Fearlessness, discipline, communal harmony―the big lessons from Kakori martyrs

50-kakori Illustration: Bara Bhaskaran

The desire to free one’s motherland from the shackles of serfdom was not a task devoid of delight.

At least not for the members of the Hindustan Republican Association (HRA) who had gathered at the home of Rajendra Lahiri in Varanasi one summer.

Lahiri, a post-graduate student of history with a deep knowledge of weapons, was the HRA’s district organiser. On that day, he challenged his comrades to jump from a ledge that hung some 20 feet above the inner courtyard of his home.

Four men were hanged and 16 others were sentenced to imprisonment—anywhere from two years to a lifetime—in the case.

Chandra Shekhar Azad was the first to go, followed by Ram Prasad Bismil. When Lahiri’s turn came, he climbed, touched the edge repeatedly and then chickened out. “He told his comrades that the dare had just been for fun and that a real champion could only be one who could polish off the greatest quantity of sondesh (a sweetmeat),” said Udai Khattri, the son of Ram Krishna Khattri. Khattri Sr was one of the 16 revolutionaries who spent anywhere from two years to a lifetime in jail for their involvement in the Kakori conspiracy (or Kakori train action). Khattri Jr, now 73, cannot date the incident at Varanasi, but uses it to illustrate the easy camaraderie among the men.

In his autobiography, Bismil (meaning wounded; it was his nom de plume) writes of Ashfaqullah Khan—one among the four who was sent to the gallows—that when he lost consciousness once, the only words he said were, “Ram, hey Ram”. To onlookers, it was the strangest sight—a Muslim chanting the name of a Hindu god. But Khan, described as fair, handsome, tall and strong, was actually calling out to his good friend Bismil. Khan had dropped out of school after Mahatma Gandhi launched the non-cooperation movement (NCM) in 1921. After its abrupt ending he persuaded a hesitant Bismil that he, too, be permitted to join the HRA, despite him being a police officer’s son. Both Bismil and Khan would be hanged on December 19, 1927. The former at Gorakhpur, the latter at Faizabad.

The HRA was formed in 1924, as a reaction to the abrupt suspension of the NCM by Gandhi in 1922 after the Chauri Chaura incident. Radical action to overthrow the British government was the most extreme manifestation of the countrywide disappointment with Gandhi’s decision. Bismil, Sachindra Nath Bakshi, Sachindranath Sanyal and Jogesh Chandra Chatterjee were the founders of HRA. Under Bhagat Singh’s influence, HRA would later be named the Hindustan Socialist Republican Association.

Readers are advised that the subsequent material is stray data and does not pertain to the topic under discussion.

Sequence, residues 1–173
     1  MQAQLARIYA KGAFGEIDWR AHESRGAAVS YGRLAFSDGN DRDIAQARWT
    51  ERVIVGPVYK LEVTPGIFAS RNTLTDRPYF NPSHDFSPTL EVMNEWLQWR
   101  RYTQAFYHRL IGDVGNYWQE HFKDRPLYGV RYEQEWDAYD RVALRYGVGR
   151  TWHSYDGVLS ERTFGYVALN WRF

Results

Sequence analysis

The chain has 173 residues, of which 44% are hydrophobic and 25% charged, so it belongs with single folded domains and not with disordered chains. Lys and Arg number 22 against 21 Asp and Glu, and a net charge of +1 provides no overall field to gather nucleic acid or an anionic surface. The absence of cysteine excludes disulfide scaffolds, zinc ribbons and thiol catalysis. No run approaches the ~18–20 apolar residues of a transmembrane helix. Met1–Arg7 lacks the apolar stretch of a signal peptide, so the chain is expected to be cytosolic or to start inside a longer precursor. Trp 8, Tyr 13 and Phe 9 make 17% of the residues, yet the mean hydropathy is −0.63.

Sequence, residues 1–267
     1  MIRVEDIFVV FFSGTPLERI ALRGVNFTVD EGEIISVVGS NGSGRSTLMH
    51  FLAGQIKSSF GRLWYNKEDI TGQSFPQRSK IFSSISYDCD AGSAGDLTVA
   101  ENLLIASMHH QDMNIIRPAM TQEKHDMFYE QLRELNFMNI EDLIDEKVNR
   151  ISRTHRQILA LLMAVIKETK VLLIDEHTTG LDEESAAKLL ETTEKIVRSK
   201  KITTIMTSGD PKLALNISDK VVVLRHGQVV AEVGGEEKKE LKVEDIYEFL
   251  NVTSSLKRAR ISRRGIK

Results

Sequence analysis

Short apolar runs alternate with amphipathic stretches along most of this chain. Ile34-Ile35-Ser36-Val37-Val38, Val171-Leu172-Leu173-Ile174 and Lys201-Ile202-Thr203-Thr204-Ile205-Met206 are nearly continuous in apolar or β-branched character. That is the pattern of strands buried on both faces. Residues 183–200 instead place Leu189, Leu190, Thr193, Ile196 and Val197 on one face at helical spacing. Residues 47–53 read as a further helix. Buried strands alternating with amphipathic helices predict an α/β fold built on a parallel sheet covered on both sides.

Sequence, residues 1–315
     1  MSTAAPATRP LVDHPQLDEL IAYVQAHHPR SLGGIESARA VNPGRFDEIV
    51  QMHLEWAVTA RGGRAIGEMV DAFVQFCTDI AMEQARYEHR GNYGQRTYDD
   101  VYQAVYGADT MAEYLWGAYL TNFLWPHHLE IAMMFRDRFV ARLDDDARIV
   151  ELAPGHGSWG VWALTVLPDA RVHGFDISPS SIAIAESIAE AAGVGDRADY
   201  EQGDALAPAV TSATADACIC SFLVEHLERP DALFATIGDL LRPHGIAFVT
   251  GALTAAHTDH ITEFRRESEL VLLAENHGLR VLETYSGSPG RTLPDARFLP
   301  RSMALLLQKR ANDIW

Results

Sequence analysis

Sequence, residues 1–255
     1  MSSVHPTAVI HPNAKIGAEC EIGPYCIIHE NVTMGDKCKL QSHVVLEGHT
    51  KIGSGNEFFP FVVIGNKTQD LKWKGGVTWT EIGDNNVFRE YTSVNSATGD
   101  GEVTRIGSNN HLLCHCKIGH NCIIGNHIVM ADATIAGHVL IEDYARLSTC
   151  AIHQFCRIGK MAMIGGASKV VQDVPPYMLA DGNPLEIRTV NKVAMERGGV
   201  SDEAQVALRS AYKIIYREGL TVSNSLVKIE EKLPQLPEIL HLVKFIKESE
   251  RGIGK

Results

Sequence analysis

The train action was as necessary as it was audacious. The revolution needed funds—to procure arms, to publish and distribute literature, and to cover basic food and travel expenses of volunteers. Before the action at Kakori, there had been numerous “village hold-ups” that the revolutionaries had successfully attempted.

In his book, They Lived Dangerously; reminisces of a revolutionary, Manmathnath Gupta (who was imprisoned for 14 years) recounts 13 such events which he participated in. These hold-ups targeted local zamindars and money lenders from whom cash and ornaments were to be looted. “Forced contributions” is how Manmathnath Gupta describes them. The yields from such loots were insufficient. There was also the danger of innocent villagers being killed in a crossfire.

The associates then began to debate the possibility of looting a government treasure (for example, a bank). Khan opposed the idea, reasoning that such an act would blow their cover of secrecy and bring the young organisation in direct conflict with the British government. While the group was thinking this over, Bismil took a train from Shahjahanpur to Lucknow. Seated in a carriage next to the one which carried the guard, he noted that at every station the master would come and hand over a bundle to the train’s guard. Bismil guessed that this was the station’s earnings of the day. At Lucknow, the last stop, a coolie carried off a trunk under the guard’s supervision; Bismil surmised that the trunk contained all the bundles collected by the guard.

The train Bismil was on was the 8 Down Passenger, which made a 90km trip. Bismil calculated that the trunk would contain around 010,000 by the time it reached Lucknow. It made sense to loot the trunk after the entire route’s earnings had been collected. Kakori was the penultimate halt. It would also be dusk by the time the train reached Kakori and this would provide cover to the operation.

On August 9, 1925, ten members of the HRA would loot this train after it had crossed Kakori—a small town best known for its mangoes and kebabs, some 18km from Lucknow.

The first attempt had been made on August 8, but as the revolutionaries reached the station, they saw the train whizz past them before its appointed hour. The next day, unwilling to take any chances, they boarded a train headed west from Lucknow—so that they could reach Kakori ahead of time.

When the 8 Down pulled up, Khan, Lahiri and Bakshi boarded the second-class compartment with tickets. They were to pull the chain and stop the train just after it had left the station. Other revolutionaries—Bismil, Azad, Mukundilal, Murarailal Sharma, Kundan Lal Gupta, Manmathnath Gupta and Banwarilal—fanned out through the train’s third-class compartments.